All, I use free hand (or off-hand if you prefer) soldering quite a
bit and also teach it to my students. The technique is simple in
description but requires a steady hand, eye/hand coordination and
very good torch control. It also requires some good long tweezers of
various weights, many of which I modify for various operations.
This type of soldering uses no pins, needles, binding wire, third
hands or other holding devices except perhaps to hold the largest
item to which something smaller will be soldered. Usually the large
part can be tucked far down into a pair off heavy tweezers where
tension holds it steady. Or use a pair of forceps.
The freehand part comes in when attaching the part being soldered.
For example, if soldering a jump ring to a bezel mount, I lock the
bezel/backplate in place by pushing it down into a pair of tweezers
and stand it upright. The jump ring I hold in a pair of light
tweezers (with or without heat resist) and solder the ring in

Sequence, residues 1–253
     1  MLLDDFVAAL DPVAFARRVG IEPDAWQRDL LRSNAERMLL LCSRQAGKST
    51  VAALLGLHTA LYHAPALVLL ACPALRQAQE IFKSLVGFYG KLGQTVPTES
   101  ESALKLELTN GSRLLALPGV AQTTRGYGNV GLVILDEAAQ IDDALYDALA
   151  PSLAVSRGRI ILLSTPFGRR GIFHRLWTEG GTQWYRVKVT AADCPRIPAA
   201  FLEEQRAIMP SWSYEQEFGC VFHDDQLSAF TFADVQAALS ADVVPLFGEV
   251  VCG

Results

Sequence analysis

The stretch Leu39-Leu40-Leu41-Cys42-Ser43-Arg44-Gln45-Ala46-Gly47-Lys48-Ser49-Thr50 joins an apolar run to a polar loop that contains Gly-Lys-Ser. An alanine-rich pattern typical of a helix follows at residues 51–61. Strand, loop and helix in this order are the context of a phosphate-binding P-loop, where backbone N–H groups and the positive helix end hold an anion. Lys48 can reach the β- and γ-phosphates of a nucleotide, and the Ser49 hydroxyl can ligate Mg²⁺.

place…immediately removing the torch followed by the tweezers.
Forceps or self-closing tweezers can also be used to hold the smaller
item. The whole idea is not to lay everything out and pin or bind it
Free hand soldering is useful for soldering smaller items to larger
ones especially when soldering silver. It allows you to heat the
larger piece to the proper temperature before bringing the smaller
part into the sphere of the flame where it could otherwise receive
too much heat and melt. Earring posts, jump rings, pin parts, etc
can all be done this way quickly and easily. There are other little
nuiances such as pre-soldering the small part, etc., but experiment a
little and you will quickly learn the rudiments.
Happy soldering from Don at The Charles Belle Studio in SOFL where
simple elegance IS fine jewelry! @coralnut1